Here we are eleven years later, well past Hansen’s 1°C red line. We’ve gotten there at 410 ppm, not 450.  It’s the highest level of CO2 saturation in 800,000 years, 600,000 years before the first fossil evidence of homo sapiens.   I recently attended an Extinction Rebellion meeting in which it was reported that 22% of all human industrial-era carbon emissions have taken place since 2009, one year after Hansen issued his warning.

The United Nations Intergovernmental Panel on Climate Change’s latest report reflects the consensus opinion of the world’s leading climate scientists.  It tells us that we are headed to 1.5°C in a dozen years.  Failure to dramatically slash carbon emissions between now and 2030 is certain to set off catastrophic developments for hundreds of millions of people, the IPCC warns.

The IPCC finds that we are headed at our current pace to 4°C by the end of century. That will mean a planet that is mostly unlivable. Tipping points of unlivable existence are already being reached by millions in Sub-Saharan Africa, Sub Continental and Southeast Asia, parts of Central America and other regions where climate-driven migration is underway, with significant political consequences.

Numerous Earth scientists find the IPCC report insufficiently alarmist. It omits research demonstrating the likelihood that irreversible climatological “tipping points” like the thawing of the northern methane-rich permafrost could occur within just “a few decades.”

We really don’t know how quickly the existential threat may unfold. This is an experiment that’s never been run. What do we have to worry about? Extinction. Current female life expectancy in the United States is 81 years.

A baby girl born this year would in theory turn 81 in 2100, when, at the current Greenhouse Gassing pace, Antarctica will have melted and the Amazonian rain forest will have long ceased to function as the lungs of the planet.

I was also asked by this conference’s organizers to discuss “connections between Climate Change, class inequity, and imperialism” and to offer ideas on why “this intersectionality [is] often overlooked.”  Let me to be as brief as I can because that’s a doctoral dissertation or two. Eco-Marxists like John Bellamy Foster are right about capitalism.

It is a system not just of class disparity but of plutocratic and corporate class rule, the rule of the owners and managers of capital. And there are a number of environmental problems with capitalist class rule. The fist problem is that the owners and managers of capital don’t really care about anything other than the accumulation of capital and profit.

They are systemically compelled to commodify anything and everything they can get their hands on. They have always been perfectly content to profit from anything and everything.  They cash in on slavery, fascism, mass-incarceration, endless war, and even on turning the planet into a giant Greenhouse Gas Chamber – a crime that quite frankly makes the Nazis look like small-time criminals by comparison.

The second problem is that the owners and managers of capital are constantly throwing masses of human beings out of livable wage employment and off of social safety nets and out of common lands and public schools and public housing and the only so-called solution to the mass poverty that results from this constant Enclosure process  they’ve ever been able to offer is the promise of new jobs through ever more expansion and growth, an environmental disaster on numerous levels.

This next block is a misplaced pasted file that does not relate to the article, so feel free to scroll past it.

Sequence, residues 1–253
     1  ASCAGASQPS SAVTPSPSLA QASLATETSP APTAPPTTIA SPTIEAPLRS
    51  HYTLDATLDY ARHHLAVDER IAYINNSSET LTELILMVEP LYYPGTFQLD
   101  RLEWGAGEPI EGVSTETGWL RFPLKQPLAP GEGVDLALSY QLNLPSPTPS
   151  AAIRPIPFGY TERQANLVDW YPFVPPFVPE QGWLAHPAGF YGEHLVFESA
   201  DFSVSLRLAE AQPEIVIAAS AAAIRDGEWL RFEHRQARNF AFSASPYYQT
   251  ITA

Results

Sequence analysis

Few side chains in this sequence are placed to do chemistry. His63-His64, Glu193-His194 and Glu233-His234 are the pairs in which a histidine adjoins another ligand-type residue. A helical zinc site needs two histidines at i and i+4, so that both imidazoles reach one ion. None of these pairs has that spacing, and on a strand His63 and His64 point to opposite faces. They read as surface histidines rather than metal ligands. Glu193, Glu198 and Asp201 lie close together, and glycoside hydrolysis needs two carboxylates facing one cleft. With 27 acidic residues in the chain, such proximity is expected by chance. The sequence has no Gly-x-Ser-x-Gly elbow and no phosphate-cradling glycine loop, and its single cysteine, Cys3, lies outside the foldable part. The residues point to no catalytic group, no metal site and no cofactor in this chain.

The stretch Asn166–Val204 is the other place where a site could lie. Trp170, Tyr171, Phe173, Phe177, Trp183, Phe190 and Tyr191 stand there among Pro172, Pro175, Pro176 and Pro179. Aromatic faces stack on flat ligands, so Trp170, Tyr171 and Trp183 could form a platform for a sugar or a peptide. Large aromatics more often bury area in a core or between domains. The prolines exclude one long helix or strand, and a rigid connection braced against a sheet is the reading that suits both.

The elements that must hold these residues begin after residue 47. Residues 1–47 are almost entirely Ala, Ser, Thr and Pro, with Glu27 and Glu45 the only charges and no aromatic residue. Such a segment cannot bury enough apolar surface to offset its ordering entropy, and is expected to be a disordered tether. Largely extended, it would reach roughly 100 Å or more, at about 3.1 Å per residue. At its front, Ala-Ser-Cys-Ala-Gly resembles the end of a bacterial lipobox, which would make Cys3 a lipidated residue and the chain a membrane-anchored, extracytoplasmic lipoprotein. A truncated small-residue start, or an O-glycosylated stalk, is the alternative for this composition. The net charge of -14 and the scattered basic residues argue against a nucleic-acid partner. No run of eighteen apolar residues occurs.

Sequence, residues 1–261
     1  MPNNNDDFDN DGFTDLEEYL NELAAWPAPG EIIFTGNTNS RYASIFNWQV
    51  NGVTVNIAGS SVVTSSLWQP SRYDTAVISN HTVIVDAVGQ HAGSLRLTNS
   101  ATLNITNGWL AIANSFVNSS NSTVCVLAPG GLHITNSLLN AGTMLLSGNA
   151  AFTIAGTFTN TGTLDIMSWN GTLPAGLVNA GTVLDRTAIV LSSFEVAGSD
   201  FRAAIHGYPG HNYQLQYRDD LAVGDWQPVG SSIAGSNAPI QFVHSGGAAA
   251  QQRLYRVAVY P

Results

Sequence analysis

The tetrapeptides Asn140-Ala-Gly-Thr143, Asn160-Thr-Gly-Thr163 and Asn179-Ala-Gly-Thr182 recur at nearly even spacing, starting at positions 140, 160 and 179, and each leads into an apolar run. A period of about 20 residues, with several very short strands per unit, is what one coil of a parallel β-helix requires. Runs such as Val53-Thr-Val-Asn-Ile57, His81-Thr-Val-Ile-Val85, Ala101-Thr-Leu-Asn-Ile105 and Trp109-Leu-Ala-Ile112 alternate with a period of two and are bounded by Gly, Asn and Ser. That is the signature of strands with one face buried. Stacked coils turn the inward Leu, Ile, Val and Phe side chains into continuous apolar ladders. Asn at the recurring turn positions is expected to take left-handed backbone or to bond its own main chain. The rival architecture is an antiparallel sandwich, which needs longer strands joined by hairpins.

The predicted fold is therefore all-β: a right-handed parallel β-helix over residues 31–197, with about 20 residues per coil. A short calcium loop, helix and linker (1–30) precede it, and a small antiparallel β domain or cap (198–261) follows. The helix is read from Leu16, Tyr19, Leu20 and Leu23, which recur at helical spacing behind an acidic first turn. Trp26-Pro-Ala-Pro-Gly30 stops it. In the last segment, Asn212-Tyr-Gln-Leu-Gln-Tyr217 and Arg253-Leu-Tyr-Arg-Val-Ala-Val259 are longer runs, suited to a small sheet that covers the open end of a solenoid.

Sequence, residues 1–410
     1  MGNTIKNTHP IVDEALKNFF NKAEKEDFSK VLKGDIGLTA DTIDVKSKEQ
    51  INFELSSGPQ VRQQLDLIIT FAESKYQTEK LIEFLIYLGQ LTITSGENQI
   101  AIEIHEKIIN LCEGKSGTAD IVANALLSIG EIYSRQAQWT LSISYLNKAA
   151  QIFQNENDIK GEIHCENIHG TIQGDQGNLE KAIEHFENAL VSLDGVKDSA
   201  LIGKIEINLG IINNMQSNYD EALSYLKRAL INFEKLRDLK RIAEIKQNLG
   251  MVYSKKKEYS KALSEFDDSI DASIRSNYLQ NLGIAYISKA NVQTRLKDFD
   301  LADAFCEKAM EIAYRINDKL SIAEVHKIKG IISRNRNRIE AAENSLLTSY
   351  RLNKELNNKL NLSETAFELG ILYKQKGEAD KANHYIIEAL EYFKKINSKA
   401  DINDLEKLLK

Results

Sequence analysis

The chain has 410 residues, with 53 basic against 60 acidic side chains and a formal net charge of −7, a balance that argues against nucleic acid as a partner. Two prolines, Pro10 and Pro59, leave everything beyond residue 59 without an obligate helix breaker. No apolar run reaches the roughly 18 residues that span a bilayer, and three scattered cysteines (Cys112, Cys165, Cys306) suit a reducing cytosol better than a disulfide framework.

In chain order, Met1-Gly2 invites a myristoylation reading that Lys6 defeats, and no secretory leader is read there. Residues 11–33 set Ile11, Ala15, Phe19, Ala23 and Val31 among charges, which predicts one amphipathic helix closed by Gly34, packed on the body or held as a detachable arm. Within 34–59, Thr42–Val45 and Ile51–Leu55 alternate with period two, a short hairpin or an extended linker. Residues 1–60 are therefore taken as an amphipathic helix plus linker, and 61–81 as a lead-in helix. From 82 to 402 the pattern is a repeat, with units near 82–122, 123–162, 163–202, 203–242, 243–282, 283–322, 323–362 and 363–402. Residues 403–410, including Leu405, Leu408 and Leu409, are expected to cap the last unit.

The third problem is that Wall Street and Bond Street and LaSalle Street and the rest of the big financial streets and exchanges have huge fixed and sunken investments in a vast Carbon Industrial Complex. They do not want to see that giant portfolio devalued by home sapiens choosing to survive by keeping fossil fuels in the ground where they belong.

The fourth problem is that capital is inherently and systemically opposed to and threatened by social, public, and environmental planning on the scale required for the task of moving humanity off fossil fuels and on to renewable energy and broadly sustainable environmental practices.

Fifth, class rule regimes insulate their top decision-makers from the worst environmental consequences of their growth-addicted systems.  By the time people living in ruling-class bubbles begin to sense existential threat to themselves, it is generally too late for them to do anything about it except stuff like trying to get the Tesla guy to fly them to Mars or to download their consciousness into an Artificial Intelligence satellite to roam the galaxy for eternity.

With imperialism the connections are less abstract. Eating up more than half the nation’s federal discretionary spending and sustaining more than 1000 military installations across more than 100 nations, the Pentagon system itself has the single largest carbon footprint of any institutional complex on Earth The so-called defense budget steals trillions of dollars that need to be spent on green infrastructure and green jobs if we are going to reduce carbon emissions to a livable scale.

At the same time, America’s global super-power has long depended on U.S. control over global oil and gas reserves: the remarkable economic and geopolitical power that flows to control over the flow, pricing, and currency denomination of those reserves and the super profits that result from their extraction and sale.

Oil control has long been a great source of American critical leverage in the world system. (The fact that the United States under Obama achieved so-called energy independence through accelerated fracking and drilling in the homeland doesn’t change the strategic calculation.

It’s never been primarily about getting access to the oil for our cars and trucks and facilities.  It’s been about the critical imperial leverage oil control grants Washington). A planet that depends on renewable energy rather than petroleum to run its economies will be less susceptible to that sort of imperial domination.